The reaction gases in line are admixed with the SO2-containing oxygen stream in line 96. Acid gas, and oxygen are fed via lines 120 and 124, respectively, into re-heat burner 128, and the reaction gases therefrom are passed via line 132 to line 100 where they are admixed with the reaction gases in line 100. The temperature of the admixtures of gases is 425 to 500 F. The admixture of gases is then passed into the third reactor 136, which is a conventional Claus reactor which contains bauxite and, if necessary, a Co-Mo catalyst. The reaction gases leave the third reactor 136 via line 140, are passed to the third condenser 144 and leave the third condenser 144 at a temperature of 270 to 320 F. Liquid sulfur is obtained (condensed) from the reaction gases cooled in the third condenser 144, and removed to a storage site.
The spent reaction gases leave the third condenser 144 via line 148. If the spent reaction gases contain inert gases, such as, CO2 and N2, it is sent to an incinerator, or treated, used or disposed of in any convenient manner. If the spent reaction gases do not contain inert gases, such as, CO2 and N2, it is passed via line 152 to compressor 156 and then via line 152 to compressor 156 and then via line 160 to be admixed with the reaction gases in line 28.
In northern places where low ambient temperatures are usually available, refrigerator 84 can be an air cooled fin-fan (or air cooled heat exchanger) and a pump.
Instead of using oxygen in the SO2 strippers and in the burners, air can be used. Air is less expensive than oxygen, but oxygen is preferred because it does not introduce large amounts of inert gases, such as, nitrogen, into the system. Furthermore, the use of oxygen allows greater monetary savings in capital equipment.
When oxygen is used, the temperature of the feed gases entering the burners should be lowered.
The Claus reactors normally contain a catalyst, such as, bauxite (e.g., British Guiana bauxite) bog iron ore, yactive carbon; active silica gel, alumina, alumina cement, alumina on which heavy metal oxides have been precipitated, and other substances having large superficial areas. Any suitable catalyst can be used in the Claus reactors which promotes the interaction of hydrogen sulfide with sulfur dioxide. The porous silicic acid (activated silica gel) of U.S. Pat. No. 1,507,105 can be used. The activated bauxite of U.S. Pat. No. 1,773,293 can be used. The iron-oxide-promoted, activated natural bauxites of U.S. Pat. No. 1,992,872 can be used. U.S. Pat. No. 2,384,926 teaches useful catalysts which include silica gel to which have been added minor amounts of oxides of boron, sodium or potassium.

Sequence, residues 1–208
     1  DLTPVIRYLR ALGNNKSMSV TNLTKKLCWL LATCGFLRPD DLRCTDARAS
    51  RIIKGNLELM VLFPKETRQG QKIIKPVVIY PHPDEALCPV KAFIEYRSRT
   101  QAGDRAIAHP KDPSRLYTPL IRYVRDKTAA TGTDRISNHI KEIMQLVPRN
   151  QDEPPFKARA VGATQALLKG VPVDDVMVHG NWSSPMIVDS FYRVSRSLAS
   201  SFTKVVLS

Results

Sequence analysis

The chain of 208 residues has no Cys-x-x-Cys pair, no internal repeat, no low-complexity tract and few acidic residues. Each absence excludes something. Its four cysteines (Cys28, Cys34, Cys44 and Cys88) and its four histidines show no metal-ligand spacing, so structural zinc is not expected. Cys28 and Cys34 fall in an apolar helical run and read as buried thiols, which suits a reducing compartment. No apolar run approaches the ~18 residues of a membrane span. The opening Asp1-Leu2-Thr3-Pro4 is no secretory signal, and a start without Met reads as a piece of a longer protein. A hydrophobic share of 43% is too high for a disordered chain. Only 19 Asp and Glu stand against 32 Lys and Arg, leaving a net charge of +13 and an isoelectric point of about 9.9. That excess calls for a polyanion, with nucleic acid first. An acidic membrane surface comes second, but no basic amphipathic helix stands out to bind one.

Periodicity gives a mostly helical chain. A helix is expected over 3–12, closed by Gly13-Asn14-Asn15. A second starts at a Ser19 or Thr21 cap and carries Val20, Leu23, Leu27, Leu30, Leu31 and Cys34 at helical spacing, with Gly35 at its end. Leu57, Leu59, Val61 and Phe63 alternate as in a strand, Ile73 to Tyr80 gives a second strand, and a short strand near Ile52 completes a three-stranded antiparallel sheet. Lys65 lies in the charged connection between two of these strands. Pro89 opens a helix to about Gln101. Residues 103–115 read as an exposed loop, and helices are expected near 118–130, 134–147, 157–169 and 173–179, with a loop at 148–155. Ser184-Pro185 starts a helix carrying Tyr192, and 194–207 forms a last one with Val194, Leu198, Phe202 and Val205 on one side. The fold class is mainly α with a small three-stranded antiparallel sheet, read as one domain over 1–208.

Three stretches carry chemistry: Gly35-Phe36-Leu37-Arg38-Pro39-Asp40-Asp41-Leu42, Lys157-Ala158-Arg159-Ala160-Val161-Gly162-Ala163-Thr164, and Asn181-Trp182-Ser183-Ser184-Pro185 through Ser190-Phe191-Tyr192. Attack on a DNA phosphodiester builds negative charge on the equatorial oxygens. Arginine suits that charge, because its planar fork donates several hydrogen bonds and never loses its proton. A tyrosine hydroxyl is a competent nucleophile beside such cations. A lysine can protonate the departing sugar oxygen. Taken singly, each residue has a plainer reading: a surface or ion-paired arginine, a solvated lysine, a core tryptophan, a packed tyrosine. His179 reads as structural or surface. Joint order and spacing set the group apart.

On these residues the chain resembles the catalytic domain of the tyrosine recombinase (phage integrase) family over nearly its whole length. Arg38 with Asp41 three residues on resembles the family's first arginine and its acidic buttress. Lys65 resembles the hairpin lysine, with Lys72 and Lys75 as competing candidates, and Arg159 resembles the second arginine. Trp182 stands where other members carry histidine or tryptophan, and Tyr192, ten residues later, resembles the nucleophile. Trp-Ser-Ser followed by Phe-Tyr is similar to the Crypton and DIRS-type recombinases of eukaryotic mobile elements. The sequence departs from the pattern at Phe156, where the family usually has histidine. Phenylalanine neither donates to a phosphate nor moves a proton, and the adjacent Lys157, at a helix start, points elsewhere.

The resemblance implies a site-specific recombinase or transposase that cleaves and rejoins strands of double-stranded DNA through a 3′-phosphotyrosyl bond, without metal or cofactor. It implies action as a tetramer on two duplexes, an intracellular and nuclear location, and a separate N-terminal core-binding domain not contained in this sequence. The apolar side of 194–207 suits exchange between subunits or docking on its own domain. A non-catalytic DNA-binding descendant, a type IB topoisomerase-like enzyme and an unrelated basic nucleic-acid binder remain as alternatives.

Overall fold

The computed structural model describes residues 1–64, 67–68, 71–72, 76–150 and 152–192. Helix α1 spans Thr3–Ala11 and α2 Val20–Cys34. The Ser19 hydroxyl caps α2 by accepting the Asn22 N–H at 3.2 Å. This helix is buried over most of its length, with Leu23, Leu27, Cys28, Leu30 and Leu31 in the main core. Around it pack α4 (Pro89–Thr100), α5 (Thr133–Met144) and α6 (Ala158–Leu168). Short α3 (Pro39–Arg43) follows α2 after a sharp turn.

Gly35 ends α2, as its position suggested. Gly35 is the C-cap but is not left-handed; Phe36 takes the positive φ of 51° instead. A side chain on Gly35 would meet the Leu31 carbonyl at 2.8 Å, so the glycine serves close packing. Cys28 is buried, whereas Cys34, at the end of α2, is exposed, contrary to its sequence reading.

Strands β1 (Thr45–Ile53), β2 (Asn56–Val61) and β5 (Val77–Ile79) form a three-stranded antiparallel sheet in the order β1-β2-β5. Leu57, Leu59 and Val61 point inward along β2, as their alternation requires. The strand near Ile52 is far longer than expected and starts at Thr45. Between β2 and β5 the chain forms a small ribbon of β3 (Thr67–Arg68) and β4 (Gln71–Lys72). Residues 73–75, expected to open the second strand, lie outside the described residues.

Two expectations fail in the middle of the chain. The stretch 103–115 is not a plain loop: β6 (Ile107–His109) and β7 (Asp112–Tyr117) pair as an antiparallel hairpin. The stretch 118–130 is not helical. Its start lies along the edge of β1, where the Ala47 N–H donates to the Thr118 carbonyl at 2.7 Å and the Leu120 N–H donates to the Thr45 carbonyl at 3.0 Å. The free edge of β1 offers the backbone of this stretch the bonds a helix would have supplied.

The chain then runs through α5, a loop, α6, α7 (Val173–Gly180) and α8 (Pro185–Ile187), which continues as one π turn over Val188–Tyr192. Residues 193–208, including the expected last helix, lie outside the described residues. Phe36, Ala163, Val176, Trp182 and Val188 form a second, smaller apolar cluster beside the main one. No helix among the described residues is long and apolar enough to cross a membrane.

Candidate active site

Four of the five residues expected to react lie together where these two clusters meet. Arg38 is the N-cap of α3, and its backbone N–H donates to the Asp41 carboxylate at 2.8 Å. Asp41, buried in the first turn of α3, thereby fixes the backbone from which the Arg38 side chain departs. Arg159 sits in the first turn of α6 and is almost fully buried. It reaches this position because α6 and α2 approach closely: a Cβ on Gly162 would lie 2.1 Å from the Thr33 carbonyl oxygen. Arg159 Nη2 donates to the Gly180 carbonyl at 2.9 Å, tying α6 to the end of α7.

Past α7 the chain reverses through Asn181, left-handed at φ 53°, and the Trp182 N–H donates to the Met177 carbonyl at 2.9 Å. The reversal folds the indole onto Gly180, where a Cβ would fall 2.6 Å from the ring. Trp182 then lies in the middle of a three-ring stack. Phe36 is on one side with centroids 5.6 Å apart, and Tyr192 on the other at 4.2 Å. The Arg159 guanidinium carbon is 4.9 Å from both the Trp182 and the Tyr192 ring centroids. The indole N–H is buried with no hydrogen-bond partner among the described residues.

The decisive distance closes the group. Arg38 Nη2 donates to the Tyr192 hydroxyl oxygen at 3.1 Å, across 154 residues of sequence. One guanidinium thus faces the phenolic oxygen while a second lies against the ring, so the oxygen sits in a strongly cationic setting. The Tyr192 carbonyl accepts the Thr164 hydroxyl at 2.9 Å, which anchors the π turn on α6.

When using gases low in hydrogen sulfide content, the reaction in Claus reactors can be speeded up by adding a small quantity of a base such as ammonia or an amine.
Typical space velocities for the Claus reactors are from about 2 to about 15 pound moles of feed gas per cubic foot of catalyst employed.
Any type of Claus reactor can be used.
If carbon disulfide or carbonyl sulfide is present in the feed gas, an additional la'yer of a catalyst, such as, a cobalt-molybdenum catalyst, is used.
The process is most preferably achieved using three reactors in series, but it is advantageous to use four reactors in series. The process envisions the use of two or more reactors in series.
The process of this invention is conducted at pressures of about atmospheric to about 5 atmospheres. The higher pressures are preferred because they aid in the conversion efficiency of the Claus reaction.
Sulfur is removed from the reaction gases after each Claus reactor because it allows the use of lower reactor feed temperatures in subsequent Claus reactors, which improves yields without incurring catalyst deactivation by sulfur condensation.
It should be noted that for the recoveries indicated in the region on 98 percent recovery and greater, the vapor pressure of S6 and S8 contribute an equal or greater portion of sulfur for incinerated SO2 as do the unreacted HLJS and SO2. The final condenser should be run at 250 to 280 F., instead of at a higher temperature in order to achieve minimum emissions.